Prime Minister Antti Rinne’s speech to the European Parliament on 17 July 2019
President of the European Parliament,
President of the European Commission,
I am pleased to be here among you today.
First of all, I would like to take this opportunity to congratulate all the honourable members upon your success in the recent European elections.
As the representative of the Finnish Presidency of the Council of the European Union, I would like to stress my full commitment to constructive cooperation with the European Parliament.
For this purpose, our Minister for European Affairs Tytti Tuppurainen will represent the Council in the plenaries.
The foundations of the European Union were laid in a divided continent ravaged by war.
The founders of our Union shared a common vision and belief in the future.
The people dreamed of and had expectations for peace and stability for the whole continent. In other words, they wanted the unity of Europe.
For many decades now, the EU has fulfilled these expectations.
EU cooperation has deepened as the Member States have come to realise that together we are stronger.
Nowhere else in the world is there anything to compare with this unique form of cooperation between nations.
‘Unique’ is indeed the right word to describe the story of the European Union.
Only 30 years ago, our continent was still divided by barbed wire and walls.
Since then a whole generation has been born and raised who have never known anything else than free movement across borders.
Our continent that suffered the horrors of war and dictatorship and witnessed a genocide 75 years ago is now the strongest defender of democracy, human rights and peace in the world.
The EU is a living example of how we can learn from the past. That peace overcomes war. That hope is stronger than despair.
In recognition of this unique story, the European Union received the Nobel Peace Prize in 2012.
Maybe, the peace prize was also meant to be a reminder to us: While keeping the peace, it is now our responsibility to meet new expectations.
For the EU, this unique story is a source of pride. But, as I said, this pride also means we bear great responsibility, as the EU is now the object of these new expectations.
While maintaining stability and peace is still one of the EU’s core tasks, many other big questions remain unanswered.
We have all seen that the EU’s values — the rule of law, human rights, equality and democracy — are being challenged.
Europe’s economic growth has slowed. This has led not only to growing unemployment and inequality, but it is also paving the way for the rise of populism and extremism.
In this regard, we need to find long-term and comprehensive solutions to migration.
The EU’s unity has also been tested and will be tested by the prospect of the United Kingdom’s withdrawal.
We believe that it is better to seek answers to complex questions together rather than alone.
For Finland, this is our third presidency of the Council of the European Union.
Many things have changed since the previous presidencies in 1999 and 2006. Some things, however, remain the same.
One of them is the pragmatic way Finland will run its Council Presidency.
Another is the close relationship between the Presidency and the European Parliament.
In Finland, our Parliament plays a strong role in EU decision-making. The Finnish Parliament has the right — and obligation — to express its views on EU matters that fall within its decision-making powers.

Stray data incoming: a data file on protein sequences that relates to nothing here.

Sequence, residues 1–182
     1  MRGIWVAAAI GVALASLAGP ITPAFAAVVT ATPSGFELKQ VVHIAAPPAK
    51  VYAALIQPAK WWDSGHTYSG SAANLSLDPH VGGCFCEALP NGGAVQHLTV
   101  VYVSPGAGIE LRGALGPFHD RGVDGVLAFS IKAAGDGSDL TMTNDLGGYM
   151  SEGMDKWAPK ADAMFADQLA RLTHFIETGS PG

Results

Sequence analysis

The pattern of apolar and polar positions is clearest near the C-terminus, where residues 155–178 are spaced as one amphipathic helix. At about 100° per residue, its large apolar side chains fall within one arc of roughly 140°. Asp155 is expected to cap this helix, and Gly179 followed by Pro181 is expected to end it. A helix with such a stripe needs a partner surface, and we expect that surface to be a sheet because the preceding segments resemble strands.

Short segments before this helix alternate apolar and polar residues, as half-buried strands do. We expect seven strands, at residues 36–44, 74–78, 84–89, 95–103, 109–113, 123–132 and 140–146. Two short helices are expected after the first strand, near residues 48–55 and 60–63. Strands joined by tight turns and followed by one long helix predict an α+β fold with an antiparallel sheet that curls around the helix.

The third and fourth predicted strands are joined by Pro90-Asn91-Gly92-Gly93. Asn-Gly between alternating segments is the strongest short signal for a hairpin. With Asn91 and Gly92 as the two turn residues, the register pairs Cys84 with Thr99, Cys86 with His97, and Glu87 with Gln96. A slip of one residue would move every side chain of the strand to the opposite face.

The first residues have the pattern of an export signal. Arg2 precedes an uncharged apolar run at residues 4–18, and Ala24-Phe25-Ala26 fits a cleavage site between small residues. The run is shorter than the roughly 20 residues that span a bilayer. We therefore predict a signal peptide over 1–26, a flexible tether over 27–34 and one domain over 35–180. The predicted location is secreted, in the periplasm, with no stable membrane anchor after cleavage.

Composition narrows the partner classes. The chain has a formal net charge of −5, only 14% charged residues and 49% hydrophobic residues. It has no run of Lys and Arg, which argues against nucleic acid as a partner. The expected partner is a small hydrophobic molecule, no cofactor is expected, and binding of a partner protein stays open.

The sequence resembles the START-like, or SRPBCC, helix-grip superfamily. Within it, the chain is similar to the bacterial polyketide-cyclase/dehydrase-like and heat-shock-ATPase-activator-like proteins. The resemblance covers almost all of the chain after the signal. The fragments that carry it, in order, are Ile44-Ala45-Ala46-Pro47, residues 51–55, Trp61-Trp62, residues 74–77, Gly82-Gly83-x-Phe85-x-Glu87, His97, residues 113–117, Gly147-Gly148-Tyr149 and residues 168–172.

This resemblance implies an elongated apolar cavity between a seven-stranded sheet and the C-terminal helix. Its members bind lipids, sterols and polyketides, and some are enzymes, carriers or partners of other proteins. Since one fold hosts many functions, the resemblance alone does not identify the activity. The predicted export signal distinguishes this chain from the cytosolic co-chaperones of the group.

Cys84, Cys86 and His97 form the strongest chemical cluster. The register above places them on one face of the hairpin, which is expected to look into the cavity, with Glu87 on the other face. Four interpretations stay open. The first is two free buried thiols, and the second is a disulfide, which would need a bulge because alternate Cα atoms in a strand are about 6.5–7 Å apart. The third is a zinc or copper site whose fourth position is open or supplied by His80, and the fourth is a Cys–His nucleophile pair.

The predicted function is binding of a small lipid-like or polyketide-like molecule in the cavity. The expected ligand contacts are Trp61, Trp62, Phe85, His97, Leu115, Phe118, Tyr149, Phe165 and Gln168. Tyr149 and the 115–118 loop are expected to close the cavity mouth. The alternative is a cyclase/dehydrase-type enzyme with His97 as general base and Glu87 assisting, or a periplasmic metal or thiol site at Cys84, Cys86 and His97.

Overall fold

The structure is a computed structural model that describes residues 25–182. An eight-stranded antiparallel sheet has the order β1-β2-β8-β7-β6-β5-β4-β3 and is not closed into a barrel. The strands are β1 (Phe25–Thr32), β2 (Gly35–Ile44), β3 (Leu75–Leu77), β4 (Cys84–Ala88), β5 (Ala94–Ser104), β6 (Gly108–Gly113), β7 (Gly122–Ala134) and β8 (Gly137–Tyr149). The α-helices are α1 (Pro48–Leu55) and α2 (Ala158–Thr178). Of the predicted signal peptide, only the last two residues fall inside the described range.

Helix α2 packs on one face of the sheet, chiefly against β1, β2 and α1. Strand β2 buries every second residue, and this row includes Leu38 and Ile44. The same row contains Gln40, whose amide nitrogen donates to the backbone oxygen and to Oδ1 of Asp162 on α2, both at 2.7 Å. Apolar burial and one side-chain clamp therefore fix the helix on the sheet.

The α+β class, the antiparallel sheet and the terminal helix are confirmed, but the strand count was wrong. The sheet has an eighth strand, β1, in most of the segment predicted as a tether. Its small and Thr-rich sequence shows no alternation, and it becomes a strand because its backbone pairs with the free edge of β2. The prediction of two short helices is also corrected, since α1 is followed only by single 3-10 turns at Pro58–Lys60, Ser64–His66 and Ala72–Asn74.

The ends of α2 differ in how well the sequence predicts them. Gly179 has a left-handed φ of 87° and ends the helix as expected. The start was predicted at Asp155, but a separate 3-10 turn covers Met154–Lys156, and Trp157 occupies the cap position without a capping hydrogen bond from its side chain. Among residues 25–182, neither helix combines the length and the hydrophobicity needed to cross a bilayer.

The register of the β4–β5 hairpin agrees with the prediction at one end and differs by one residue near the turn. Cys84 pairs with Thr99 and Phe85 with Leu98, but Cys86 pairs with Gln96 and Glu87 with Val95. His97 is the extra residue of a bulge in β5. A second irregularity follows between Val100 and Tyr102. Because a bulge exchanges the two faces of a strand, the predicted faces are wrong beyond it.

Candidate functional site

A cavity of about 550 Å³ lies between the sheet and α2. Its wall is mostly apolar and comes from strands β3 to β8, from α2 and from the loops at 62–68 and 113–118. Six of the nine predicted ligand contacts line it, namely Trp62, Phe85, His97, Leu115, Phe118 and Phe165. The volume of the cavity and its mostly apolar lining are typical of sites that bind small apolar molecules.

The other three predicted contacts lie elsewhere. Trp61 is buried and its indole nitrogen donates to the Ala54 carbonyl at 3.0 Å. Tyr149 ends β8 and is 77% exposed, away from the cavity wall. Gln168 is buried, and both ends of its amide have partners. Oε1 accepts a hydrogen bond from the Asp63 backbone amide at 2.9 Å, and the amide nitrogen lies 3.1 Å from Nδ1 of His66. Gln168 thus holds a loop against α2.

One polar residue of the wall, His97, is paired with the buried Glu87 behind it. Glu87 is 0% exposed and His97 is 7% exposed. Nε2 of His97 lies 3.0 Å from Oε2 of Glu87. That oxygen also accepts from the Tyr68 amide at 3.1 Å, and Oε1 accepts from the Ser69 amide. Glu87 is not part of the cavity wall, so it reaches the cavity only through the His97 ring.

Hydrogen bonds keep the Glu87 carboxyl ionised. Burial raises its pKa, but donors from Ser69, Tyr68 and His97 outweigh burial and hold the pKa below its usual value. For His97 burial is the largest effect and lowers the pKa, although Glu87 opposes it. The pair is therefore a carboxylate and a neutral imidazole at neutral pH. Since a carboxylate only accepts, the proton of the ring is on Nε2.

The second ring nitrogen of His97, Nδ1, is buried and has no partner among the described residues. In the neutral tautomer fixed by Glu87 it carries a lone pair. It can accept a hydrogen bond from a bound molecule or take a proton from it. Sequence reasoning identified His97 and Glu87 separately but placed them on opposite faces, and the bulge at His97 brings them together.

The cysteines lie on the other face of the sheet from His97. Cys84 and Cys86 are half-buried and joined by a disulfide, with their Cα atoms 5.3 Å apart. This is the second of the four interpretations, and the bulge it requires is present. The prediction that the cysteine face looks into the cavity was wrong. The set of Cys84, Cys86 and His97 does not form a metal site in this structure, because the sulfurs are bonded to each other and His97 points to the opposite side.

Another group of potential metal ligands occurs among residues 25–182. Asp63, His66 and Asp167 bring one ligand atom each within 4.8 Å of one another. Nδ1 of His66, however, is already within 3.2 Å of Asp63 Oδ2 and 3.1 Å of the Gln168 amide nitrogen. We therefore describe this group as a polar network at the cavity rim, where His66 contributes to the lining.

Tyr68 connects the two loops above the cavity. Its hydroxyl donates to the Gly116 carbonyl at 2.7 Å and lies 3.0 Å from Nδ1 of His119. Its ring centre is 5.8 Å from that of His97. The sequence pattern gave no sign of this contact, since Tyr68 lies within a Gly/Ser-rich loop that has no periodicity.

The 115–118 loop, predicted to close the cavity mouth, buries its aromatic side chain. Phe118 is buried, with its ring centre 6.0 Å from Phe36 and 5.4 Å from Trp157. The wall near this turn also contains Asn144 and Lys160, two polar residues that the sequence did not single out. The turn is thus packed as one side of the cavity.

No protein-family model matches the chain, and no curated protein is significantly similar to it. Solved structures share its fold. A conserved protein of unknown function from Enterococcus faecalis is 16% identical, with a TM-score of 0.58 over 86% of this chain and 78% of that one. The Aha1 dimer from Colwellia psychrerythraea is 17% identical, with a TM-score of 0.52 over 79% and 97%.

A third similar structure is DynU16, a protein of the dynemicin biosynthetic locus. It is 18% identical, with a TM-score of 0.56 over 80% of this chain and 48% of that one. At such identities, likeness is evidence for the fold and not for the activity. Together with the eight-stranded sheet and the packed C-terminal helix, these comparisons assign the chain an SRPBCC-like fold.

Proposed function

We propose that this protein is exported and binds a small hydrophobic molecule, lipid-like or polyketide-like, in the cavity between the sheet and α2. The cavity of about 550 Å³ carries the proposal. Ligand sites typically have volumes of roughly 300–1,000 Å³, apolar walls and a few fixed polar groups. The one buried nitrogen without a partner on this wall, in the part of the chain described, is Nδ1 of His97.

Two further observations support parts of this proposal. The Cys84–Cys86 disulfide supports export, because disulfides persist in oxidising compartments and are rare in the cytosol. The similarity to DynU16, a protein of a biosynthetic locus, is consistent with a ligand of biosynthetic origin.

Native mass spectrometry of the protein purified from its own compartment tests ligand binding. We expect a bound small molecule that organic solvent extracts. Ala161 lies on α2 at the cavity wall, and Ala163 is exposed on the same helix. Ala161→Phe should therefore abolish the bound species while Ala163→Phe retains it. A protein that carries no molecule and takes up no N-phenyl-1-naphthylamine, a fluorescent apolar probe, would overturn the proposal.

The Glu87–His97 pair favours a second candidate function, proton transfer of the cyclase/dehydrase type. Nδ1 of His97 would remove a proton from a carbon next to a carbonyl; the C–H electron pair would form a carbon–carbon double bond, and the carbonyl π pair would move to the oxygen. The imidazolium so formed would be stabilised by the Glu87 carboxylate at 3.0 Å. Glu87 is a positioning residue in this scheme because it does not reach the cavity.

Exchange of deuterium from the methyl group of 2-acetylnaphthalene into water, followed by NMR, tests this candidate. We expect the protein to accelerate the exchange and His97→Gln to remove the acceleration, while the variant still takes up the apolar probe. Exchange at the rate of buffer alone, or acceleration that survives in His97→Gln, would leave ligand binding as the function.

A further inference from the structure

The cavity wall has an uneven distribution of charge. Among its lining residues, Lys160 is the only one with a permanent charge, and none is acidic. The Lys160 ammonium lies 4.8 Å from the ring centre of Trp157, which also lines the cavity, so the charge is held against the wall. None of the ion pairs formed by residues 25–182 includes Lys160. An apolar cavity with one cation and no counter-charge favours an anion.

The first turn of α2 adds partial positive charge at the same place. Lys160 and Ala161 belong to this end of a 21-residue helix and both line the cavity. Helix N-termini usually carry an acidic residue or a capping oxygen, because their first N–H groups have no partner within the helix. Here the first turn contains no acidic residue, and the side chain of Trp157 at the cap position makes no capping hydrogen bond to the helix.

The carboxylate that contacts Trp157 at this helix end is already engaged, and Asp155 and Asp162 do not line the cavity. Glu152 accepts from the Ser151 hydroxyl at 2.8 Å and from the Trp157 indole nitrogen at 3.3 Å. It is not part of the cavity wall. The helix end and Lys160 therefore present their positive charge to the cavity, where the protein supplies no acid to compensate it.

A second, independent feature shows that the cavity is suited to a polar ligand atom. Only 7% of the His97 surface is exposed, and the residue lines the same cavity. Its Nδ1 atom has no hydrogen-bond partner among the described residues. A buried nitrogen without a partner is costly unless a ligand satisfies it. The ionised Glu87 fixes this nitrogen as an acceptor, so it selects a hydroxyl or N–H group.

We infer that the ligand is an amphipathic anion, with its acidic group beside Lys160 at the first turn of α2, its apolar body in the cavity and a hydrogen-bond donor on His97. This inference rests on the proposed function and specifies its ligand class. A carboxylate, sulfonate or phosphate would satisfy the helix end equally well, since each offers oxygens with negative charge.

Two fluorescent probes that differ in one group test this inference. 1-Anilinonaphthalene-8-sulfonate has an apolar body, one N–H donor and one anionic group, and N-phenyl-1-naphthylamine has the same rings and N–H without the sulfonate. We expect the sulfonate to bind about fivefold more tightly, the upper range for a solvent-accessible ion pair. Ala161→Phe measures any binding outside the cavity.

We have found this active engagement of Parliament to be very useful, as is the continuous dialogue between the Government and Parliament.
Within the EU, we again have an opportunity to build a close and pragmatic, forward-looking relationship between the EU institutions.
I believe we can achieve this and meet the expectations of our citizens by taking the lead in addressing the major challenges ahead.
Finland has just launched its Presidency of the Council, and in this role we can make an impact on the future of the EU.
That future should be socially, economically and ecologically sustainable. In fact, the slogan for our Presidency neatly states this goal: Sustainable Europe – Sustainable Future.
To this end, the priorities for Finland’s Presidency are
1. to strengthen the EU’s position as a global leader in climate action
2. to strengthen common values and the rule of law
3. to make the EU more competitive and socially inclusive and
4. to protect the security of citizens comprehensively.
A key priority of Finland’s Presidency is the EU’s global leadership in climate action.
We already have the most ambitious targets among the industrialised economies in place and we have a binding legal framework that will deliver our current commitments.
But we must not stop here.
For the European Union, leadership means committing to climate neutrality by 2050.
Our aim is to reach agreement on the main elements of this plan by the end of 2019.
As the necessary measures will have an impact on all sectors of society, these measures to tackle climate change must be carried out in a socially sustainable way.
We need to boost employment with the help of the bioeconomy and circular economy, for example.
This is how we can make the EU the world’s most competitive and socially inclusive low-carbon economy.
The European Union is first and foremost a community of values. It is not a store where we can choose today a little bit of freedom of speech and human rights, but then decide not to pick freedom of the press or independent courts today. It doesn’t work like that in Western democracies.
Human rights, freedom, democracy, equality and the rule of law are all values that EU countries commit to as part of their membership.
These values belong together. They are the cornerstones of all EU action.